TORONTO FILM FEST Focus: Baring Your Soul Sells More Records!

By on 12 September, 2011

Credit: AP Photo/Evan Agostini


It’s well-known that, given the pre-requisite of a talented band with great songs, success in the music industry rests on clever use of advertising.


Increasing numbers of bands are using a soul-searching documentary as a way to cover all the advertising bases – getting column inches when the film is announced, completed and launched, free advertising for the band from film posters and not least a new audience for the bands’ songs in the cinema.

This week sees not one but three such “rockumentaries” launched at the 36th Annual Toronto Film Festival in Canada.

The U2 documentary ‘From The Sky Down‘ became the first non-fiction opener ever at the festival. The film covers the making of 1991 album Achtung Baby!often credited with reinventing the band after their 1988 album Rattle and Hum did not live up to the success of their first album The Joshua Tree.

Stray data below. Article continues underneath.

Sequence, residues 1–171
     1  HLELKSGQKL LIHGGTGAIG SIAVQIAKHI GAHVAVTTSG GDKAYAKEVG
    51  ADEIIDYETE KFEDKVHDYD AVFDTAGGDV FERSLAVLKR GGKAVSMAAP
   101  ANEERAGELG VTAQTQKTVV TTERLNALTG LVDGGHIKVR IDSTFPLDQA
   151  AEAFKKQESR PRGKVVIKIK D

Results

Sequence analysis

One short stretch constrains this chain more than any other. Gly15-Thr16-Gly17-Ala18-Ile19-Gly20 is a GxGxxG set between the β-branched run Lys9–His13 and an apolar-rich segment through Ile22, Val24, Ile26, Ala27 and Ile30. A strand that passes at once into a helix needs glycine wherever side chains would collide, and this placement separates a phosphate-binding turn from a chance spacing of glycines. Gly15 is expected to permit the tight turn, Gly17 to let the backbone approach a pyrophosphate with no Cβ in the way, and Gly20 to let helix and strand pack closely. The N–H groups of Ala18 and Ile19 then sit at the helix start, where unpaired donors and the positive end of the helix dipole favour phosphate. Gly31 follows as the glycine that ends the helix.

90s rockers Pearl Jam have engaged Academy Award®-winning filmmaker and music journalist, Cameron Crowe to tell their story in ‘Pearl Jam Twenty‘ – the Twenty being a reference to the years elapsed since the band’s debut in 1991.

Neil Young is no stranger to the rockumentary, having already starred in ‘Heart of Gold‘ in 2006. Toronto this week sees the launch of a second installation ‘Neil Young Life‘, following the artist on his Le Noize solo tour: also the creation of filmmaker Jonathan Demme.

Previous film successes include:

The Story of Anvil‘ (2008) revived the career of a dying 80s metal band;

Some Kind of Monster‘ (2004) made us all glad it wasn’t us in Metallica;

In Flight 666‘ (2009), Iron Maiden touchingly showed how global rock fandom really is.


Article written for TOMORROW’S NEWS by Zoe Cunningham.




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